What We’re Watching: Mexico’s Border Patrols, Ukrainian Outrage

Mexico's Army Stretched Thin — Mexico has deployed 15,000 troops to its border with the United States to reduce the flow of migrants seeking undocumented entry into El Norte. It's an unprecedented deployment, but the country is scrambling to reduce the flow of northbound migrants as part of a deal reached with the Trump administration earlier this month to avoid US import tariffs on Mexican goods. The move comes atop 9,000 troops already deployed to Mexico's southern border to prevent Central Americans from entering Mexico. We are watching to see how a cash-strapped Mexican government will balance the twin tasks of keeping Trump happy with border security, while addressing huge domestic security problems at the same time. There are only so many troops available.

The Defense of Human Rights in Europe — The Council of Europe, a 47-member human rights institution, has reinstated Russia's voting rights several years after revoking them over the Kremlin's annexation of Crimea and support for separatists in Eastern Ukraine. Not surprisingly, Ukraine is incensed and other Western European governments see the scot-free readmission as a blot on the integrity of an institution that defends civil liberties for more than 800 million people. But supporters of the move say it's better to give human rights activists struggling within Russia some recourse to the Council's legal protections than to risk stranding them if Russia leaves the body all together. Most Russians polled agree. And from a purely pecuniary perspective, a reinstated Russia will start paying its 10 percent share of the Council's annual budget again.

What We're Ignoring:

Word Bans in Pakistan — The deputy speaker of Pakistan's National Assembly on Sunday banned lawmakers from using the phrase "selected Prime Minister," a favorite of opposition politicians keen to suggest that Prime Minister Imran Khan, who is close to the military, was chosen by the country's generals rather than by the people in last year's election. As you might expect in Pakistan's spirited legislature, the move backfired: lawmakers are just using synonyms like "handpicked" and now the legally questionable ban itself is a focus of opposition ire, drawing far more attention to the original phrase. We are ignoring this unless they try to ban the term "Streisand Effect" next.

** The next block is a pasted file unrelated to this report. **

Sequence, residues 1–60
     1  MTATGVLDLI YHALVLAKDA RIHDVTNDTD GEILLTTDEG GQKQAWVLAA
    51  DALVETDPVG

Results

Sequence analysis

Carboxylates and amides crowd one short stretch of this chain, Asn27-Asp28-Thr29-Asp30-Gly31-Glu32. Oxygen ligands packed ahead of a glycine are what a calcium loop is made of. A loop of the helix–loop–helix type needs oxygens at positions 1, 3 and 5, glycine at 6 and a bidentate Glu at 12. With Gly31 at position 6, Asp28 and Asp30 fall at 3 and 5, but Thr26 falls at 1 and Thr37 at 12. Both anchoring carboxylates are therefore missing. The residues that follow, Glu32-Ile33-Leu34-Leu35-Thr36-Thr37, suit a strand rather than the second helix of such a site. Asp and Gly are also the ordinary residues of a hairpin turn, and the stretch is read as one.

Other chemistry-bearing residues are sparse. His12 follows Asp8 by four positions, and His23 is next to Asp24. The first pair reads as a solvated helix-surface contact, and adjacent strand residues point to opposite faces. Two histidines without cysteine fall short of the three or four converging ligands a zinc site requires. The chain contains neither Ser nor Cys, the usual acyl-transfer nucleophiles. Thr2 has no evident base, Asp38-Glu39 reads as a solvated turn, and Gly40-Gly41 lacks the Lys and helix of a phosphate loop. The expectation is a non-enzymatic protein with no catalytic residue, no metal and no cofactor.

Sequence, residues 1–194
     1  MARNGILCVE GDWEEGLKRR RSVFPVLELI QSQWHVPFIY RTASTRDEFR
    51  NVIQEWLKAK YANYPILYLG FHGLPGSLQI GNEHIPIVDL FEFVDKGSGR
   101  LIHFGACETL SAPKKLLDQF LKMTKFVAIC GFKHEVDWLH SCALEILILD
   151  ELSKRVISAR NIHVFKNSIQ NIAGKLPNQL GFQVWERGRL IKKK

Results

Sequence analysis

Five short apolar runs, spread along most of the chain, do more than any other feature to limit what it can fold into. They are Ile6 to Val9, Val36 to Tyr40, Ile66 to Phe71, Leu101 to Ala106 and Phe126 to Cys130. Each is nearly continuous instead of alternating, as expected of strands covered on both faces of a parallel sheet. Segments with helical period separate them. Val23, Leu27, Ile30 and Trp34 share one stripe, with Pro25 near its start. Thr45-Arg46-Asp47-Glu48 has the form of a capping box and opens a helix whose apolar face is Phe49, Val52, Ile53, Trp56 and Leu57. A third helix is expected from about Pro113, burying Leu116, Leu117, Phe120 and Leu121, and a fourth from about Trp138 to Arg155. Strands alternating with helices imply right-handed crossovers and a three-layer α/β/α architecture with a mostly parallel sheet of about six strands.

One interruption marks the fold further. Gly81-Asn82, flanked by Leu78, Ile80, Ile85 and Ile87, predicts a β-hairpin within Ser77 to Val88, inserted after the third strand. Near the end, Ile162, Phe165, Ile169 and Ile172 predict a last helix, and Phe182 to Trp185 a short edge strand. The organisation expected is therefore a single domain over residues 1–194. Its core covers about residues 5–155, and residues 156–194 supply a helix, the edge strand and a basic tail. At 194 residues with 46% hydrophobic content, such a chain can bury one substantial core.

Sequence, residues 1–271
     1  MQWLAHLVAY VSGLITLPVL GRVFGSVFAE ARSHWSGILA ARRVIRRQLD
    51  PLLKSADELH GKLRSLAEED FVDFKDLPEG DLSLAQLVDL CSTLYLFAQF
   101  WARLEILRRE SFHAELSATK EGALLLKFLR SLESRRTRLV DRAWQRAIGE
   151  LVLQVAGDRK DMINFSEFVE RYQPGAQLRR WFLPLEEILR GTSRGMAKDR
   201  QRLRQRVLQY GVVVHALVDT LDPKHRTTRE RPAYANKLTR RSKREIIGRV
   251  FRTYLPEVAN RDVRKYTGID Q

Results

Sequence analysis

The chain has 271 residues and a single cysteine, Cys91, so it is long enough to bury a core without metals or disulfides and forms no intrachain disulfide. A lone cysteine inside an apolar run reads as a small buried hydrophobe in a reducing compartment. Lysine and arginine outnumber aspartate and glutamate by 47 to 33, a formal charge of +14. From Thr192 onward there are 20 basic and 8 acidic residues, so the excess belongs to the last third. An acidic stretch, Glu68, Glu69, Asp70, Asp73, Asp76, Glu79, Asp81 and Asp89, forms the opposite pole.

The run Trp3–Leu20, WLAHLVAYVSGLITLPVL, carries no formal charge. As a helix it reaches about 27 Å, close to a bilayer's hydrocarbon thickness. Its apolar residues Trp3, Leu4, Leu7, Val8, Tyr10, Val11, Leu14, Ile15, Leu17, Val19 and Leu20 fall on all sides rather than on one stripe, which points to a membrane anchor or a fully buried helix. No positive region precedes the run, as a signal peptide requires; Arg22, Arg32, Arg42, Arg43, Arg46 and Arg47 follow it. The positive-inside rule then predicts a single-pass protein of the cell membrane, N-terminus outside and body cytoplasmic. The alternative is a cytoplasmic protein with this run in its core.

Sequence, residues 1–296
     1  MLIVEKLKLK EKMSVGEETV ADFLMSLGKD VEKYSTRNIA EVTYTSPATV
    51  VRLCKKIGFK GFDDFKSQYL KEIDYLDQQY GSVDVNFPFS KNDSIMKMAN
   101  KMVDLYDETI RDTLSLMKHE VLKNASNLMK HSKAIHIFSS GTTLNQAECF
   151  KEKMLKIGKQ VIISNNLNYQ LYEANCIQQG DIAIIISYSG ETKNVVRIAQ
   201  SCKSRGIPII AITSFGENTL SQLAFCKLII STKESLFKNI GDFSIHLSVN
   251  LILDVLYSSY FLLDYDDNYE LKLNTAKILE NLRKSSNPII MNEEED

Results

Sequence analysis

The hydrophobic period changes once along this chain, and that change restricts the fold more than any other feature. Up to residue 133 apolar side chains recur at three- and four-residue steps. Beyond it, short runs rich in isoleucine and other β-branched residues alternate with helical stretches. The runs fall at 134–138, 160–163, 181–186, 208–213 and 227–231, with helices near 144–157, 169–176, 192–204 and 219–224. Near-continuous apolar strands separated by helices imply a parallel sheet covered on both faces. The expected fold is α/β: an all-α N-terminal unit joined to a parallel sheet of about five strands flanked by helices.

The Business and Market Fair that recently took place in Sanzule, Ghana featured local crops, livestock and manufactured goods, thanks in part to the Livelihood Restoration Plan (LRP), one of Eni's initiatives to diversify the local economy. The LRP program provided training and support to start new businesses to approximately 1,400 people from 205 households, invigorating entrepreneurship in the community.

Learn more at Eniday: Energy Is A Good Story

It's been two months since President Trump abruptly ordered the withdrawal of US troops from northern Syria, paving the way for a bloody Turkish offensive in that region. (See our earlier coverage here.) What's happened since? A guide for the puzzled:

No "end date" for US troops in Syria – US Secretary of Defense Mark Esper said this week that the United States has completed its military pullback in northeastern Syria. Back in October, President Trump pledged to withdraw the roughly 1,000 American troops deployed there. Since then, some American troops have left Syria altogether, while others were redeployed to defend nearby oil fields from ISIS, as well as from Syrian government troops and Russia. Now, there are roughly 600 American troops dispersed around Syria, and the remainder have been deployed in Iraq to stave off a potential ISIS resurgence. It's not clear if any troops have returned to the US. When asked about the chaotic comings and goings of US troops in Syria in recent months, the commander of US Central Command said frankly: there's no "end date" for American troops stationed there.

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Turkey's government has captured many thousands of ISIS fighters as a result of its operations in northern Syria. Many of these prisoners have already been deported to some of the more than 100 countries they come from, and Ankara says it intends to send more. There are also more than 10,000 women and children – family members of ISIS fighters – still living in camps inside Syria.

These facts create a dilemma for the governments of countries where the ISIS detainees are still citizens: Should these terrorist fighters and their families be allowed to return, in many cases to face trial back home? Or should countries refuse to allow them back?

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What's the difference between Alphabet and Google?

Well, Google is the search engine, YouTube, all the stuff you probably think of as Google. Alphabet is the parent company that was created four or five years ago. And it contains a whole bunch of other entities like Jigsaw, Verily - the health care company that Google runs, Waymo - the self-driving car unit. Also, it's important to know Google makes tons of money. Alphabet, all that other stuff loses tons of money.

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